Women, too, for that matter.
The link is to an article in the Washington Post about an experiment: would people who are accustomed to the average street musician take note if someone of a slightly higher caliber were playing?
In short, no.
It seems to be largely about context. For example, if I were in Los Angeles and happened to run into Gina Gershon at the airport, I'd definitely take notice (and would probably get arrested trying to maintain contact for as long as possible. However, if I were watching a game at Victory Field and happened to see a woman wearing a casual shirt, comfortable shorts and a ball cap, and she happened to look somewhat like a famous actress, I'd be much more likely to give her nothing more than a second glance. Why would I expect to see someone like that in an environment like that?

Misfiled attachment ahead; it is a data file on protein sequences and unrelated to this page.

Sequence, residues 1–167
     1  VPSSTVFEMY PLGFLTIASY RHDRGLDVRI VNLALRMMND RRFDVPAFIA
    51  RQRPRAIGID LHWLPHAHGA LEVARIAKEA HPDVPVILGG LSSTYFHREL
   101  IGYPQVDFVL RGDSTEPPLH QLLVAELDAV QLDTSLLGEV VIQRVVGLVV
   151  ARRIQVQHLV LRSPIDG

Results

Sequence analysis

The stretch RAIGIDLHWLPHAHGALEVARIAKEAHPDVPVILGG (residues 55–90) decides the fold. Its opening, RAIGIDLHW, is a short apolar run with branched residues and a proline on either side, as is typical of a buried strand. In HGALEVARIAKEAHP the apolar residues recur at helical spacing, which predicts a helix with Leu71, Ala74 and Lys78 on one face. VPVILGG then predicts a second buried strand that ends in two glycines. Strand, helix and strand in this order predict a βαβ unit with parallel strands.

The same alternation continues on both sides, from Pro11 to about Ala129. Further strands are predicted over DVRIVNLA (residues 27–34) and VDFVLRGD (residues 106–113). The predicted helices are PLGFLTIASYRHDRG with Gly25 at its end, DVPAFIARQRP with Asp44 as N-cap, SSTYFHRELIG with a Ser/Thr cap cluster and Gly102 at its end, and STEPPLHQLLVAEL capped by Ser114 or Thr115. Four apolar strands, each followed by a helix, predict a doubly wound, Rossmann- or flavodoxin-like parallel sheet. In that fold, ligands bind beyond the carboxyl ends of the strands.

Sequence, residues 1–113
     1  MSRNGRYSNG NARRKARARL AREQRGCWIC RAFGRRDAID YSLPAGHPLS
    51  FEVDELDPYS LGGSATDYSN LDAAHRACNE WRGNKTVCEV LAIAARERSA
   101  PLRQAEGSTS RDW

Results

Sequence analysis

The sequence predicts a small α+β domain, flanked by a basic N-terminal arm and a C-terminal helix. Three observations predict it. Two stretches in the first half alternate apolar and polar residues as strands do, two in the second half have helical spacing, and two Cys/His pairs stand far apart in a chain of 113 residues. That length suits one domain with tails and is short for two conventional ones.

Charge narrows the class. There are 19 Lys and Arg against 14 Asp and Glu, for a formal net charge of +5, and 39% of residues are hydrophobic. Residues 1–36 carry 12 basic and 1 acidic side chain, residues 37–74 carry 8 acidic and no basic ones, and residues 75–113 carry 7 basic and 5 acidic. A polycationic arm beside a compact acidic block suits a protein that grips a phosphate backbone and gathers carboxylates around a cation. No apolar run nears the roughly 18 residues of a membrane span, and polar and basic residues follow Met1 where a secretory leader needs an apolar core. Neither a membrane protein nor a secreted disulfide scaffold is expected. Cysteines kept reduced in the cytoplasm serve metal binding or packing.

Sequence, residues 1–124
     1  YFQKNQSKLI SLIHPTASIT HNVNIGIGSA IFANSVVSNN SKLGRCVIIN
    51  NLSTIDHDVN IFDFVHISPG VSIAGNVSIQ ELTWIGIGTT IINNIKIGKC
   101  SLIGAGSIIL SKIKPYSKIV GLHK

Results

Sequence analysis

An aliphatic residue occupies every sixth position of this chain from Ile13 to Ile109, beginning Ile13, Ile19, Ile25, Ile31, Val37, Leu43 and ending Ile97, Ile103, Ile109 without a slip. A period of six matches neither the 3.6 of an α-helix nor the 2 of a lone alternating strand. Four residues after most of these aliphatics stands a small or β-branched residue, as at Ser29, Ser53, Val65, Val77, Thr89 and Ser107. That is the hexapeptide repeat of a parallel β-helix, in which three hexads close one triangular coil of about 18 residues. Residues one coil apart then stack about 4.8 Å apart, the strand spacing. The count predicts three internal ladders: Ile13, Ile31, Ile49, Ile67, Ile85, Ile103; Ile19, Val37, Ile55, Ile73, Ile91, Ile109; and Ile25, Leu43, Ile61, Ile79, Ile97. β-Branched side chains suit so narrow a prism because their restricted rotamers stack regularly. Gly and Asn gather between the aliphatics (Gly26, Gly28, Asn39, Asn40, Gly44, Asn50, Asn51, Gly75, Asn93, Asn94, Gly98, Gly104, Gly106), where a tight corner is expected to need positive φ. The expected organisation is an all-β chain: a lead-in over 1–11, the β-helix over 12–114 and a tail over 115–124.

No one expected to hear a world-class violinist in a Metro station, so even though all the evidence was there, with few exceptions, no one heard one. At most, they simply thought they heard an above-average musician.
I guess I can't blame them. I doubt I'd have noticed, either. I enjoy classical music, but I don't know it that well. I probably would have stopped, though, because I'm rarely in a hurry, and given the chance, I might have figured out who it was.
It would have been embarrassing otherwise. I'd hate to have a former classmate recognize me without returning the favor.